Line a Day for Five Years

One Line a Day, Five-Year Memory Book

Of the many kindnesses bestowed on me during my cancer detour last year, one stands out. My friend Mary, also a therapist who aspires to write, brought me a small aqua book with “ONE LINE A DAY” embossed in gold letters on the cover.

“This way you won’t be overwhelmed by the blank page,” Mary said.

We had often commiserated over our tortured relationship with writing: our avoidance of it, the ways in which life intervenes, how hard it is to find just the right groove between feelings so raw they burn a hole through the page and one’s psyche versus feelings so repressed our attempts to capture them in words are devoid of life. We shared feelings of fraudulence, futility, fatigue. We knew the misery and mercy of dinner to be shopped for and prepared, the wish to turn off the computer and drown ourselves in West Wing reruns. We knew how to rally one another, to persevere with a slim thread of belief in our own gifts and dreams because the other believed so whole-heartedly in them.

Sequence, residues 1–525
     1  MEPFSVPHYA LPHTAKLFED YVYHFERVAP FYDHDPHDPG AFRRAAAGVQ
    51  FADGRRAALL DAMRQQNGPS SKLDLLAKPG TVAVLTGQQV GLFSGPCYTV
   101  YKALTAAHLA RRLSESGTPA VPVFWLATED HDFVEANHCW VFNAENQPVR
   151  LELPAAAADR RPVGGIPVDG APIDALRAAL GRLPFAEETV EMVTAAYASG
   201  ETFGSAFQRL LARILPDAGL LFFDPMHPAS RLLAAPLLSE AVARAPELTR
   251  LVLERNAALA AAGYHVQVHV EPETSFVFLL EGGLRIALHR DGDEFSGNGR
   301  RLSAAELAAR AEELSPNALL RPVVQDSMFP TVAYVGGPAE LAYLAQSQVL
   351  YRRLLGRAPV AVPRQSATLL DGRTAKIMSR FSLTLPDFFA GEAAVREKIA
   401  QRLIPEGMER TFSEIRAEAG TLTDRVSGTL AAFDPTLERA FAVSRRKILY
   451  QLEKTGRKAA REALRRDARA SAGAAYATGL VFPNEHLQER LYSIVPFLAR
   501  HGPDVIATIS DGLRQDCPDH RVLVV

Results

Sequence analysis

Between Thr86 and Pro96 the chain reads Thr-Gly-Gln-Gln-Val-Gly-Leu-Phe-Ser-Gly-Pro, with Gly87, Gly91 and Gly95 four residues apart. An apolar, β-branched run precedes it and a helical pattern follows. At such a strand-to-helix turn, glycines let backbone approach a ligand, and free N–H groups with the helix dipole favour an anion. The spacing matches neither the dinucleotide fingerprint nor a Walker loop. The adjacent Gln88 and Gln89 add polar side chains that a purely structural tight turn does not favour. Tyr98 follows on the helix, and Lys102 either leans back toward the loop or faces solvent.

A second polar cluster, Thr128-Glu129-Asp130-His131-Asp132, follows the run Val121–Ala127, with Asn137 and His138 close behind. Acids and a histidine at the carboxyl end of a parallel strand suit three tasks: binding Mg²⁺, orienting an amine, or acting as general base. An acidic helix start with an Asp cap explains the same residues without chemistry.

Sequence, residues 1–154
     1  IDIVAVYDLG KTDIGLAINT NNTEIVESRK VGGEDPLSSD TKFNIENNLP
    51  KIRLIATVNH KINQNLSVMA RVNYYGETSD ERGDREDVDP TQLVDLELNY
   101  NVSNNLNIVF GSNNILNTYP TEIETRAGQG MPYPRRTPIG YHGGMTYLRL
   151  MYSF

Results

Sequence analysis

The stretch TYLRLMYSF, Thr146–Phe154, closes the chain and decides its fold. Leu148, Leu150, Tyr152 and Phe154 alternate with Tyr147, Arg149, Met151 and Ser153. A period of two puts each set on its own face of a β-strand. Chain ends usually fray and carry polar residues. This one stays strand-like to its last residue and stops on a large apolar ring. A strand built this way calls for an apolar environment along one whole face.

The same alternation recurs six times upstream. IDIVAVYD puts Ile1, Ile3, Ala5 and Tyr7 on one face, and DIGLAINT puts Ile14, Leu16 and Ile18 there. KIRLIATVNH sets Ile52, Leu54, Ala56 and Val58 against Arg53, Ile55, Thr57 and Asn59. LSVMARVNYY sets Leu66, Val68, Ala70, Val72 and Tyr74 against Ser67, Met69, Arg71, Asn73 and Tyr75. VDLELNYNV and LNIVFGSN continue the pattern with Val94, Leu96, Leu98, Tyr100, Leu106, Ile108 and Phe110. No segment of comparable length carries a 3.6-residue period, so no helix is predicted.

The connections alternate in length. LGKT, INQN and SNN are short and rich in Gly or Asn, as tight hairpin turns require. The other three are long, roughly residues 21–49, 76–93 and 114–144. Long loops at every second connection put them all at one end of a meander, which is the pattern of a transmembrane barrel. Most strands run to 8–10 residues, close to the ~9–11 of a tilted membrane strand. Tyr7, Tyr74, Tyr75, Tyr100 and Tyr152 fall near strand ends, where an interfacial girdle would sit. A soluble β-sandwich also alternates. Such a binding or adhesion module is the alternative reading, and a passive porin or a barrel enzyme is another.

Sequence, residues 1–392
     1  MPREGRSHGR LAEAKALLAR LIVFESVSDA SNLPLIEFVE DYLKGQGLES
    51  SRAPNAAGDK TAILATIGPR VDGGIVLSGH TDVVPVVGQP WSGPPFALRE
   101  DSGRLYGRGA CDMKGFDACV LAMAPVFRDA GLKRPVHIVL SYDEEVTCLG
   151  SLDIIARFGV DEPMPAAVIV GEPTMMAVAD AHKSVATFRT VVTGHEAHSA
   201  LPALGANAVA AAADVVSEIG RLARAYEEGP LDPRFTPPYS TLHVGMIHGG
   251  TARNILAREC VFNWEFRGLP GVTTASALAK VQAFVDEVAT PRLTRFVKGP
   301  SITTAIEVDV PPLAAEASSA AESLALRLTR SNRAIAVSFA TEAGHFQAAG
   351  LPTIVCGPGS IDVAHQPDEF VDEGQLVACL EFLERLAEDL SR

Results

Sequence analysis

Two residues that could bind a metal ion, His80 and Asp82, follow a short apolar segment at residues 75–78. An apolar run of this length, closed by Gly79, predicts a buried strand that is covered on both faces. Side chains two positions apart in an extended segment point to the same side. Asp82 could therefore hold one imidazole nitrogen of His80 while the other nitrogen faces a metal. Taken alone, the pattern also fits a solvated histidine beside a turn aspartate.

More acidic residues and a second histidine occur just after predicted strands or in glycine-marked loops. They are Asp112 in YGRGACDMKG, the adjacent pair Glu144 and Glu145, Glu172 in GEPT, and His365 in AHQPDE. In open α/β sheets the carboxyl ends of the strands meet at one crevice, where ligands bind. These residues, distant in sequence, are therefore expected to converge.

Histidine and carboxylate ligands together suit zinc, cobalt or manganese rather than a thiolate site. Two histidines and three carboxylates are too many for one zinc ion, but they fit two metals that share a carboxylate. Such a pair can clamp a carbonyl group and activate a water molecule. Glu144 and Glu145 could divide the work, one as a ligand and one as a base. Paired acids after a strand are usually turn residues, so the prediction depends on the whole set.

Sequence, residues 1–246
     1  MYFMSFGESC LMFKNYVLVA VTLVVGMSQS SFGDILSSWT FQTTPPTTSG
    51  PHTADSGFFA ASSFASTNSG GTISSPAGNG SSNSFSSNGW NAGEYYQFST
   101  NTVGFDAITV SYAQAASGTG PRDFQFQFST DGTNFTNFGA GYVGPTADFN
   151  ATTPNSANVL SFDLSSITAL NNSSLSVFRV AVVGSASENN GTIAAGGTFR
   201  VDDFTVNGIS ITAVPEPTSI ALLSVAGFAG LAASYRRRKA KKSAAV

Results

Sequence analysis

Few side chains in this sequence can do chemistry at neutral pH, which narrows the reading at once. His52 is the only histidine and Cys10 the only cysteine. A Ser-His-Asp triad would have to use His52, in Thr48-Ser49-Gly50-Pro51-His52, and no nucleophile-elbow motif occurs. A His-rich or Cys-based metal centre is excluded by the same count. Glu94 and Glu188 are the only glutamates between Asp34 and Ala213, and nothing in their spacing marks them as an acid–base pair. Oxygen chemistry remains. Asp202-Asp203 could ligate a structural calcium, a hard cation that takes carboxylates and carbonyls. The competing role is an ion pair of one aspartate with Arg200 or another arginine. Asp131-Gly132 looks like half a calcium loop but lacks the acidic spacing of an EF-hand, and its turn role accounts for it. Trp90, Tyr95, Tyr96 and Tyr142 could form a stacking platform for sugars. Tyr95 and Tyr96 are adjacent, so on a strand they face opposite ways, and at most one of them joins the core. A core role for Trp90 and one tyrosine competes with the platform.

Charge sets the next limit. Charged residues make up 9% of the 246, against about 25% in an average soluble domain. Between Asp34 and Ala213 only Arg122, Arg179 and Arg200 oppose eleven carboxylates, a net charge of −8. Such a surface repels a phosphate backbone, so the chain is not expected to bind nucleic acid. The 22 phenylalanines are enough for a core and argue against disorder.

“Just one line a day,” Mary continued. “Anyone can do that.”

But what jumped out at me was the volume’s subtitle: “A FIVE-YEAR MEMORY BOOK.”

Five years! If Mary believed I had this kind of time ahead of me, I could begin to retrieve myself from the choking fear that cancer evokes of being dead and buried.

Since then I’ve written every evening in my aqua book. Mostly just mundane stuff—how my neuropathy rated on a scale of 1-5; Obama’s poll numbers; the little things I’d accomplished (or not) that day. There really wasn’t enough space to go any further than that. But restriction brings freedom, as my yoga teacher always reminds us when she urges us to open up a little more space by breathing through a constricted pose. The same is true of writing—being confined to a line a day freed up space to write more than I’ve written in a long while. The foreshortened time cancer threatened also brought an urgency that freed my mind from neurotic clutter.

And so I have lived, a line a day, breathing in each new morning, writing it out each night. “Five Years” permitted me to envision a future I feared I might not have.

Last night I closed out Year One. Tonight I begin in the second spot on the page for October 29.

Year Two. And then more to come. What a gift.

 

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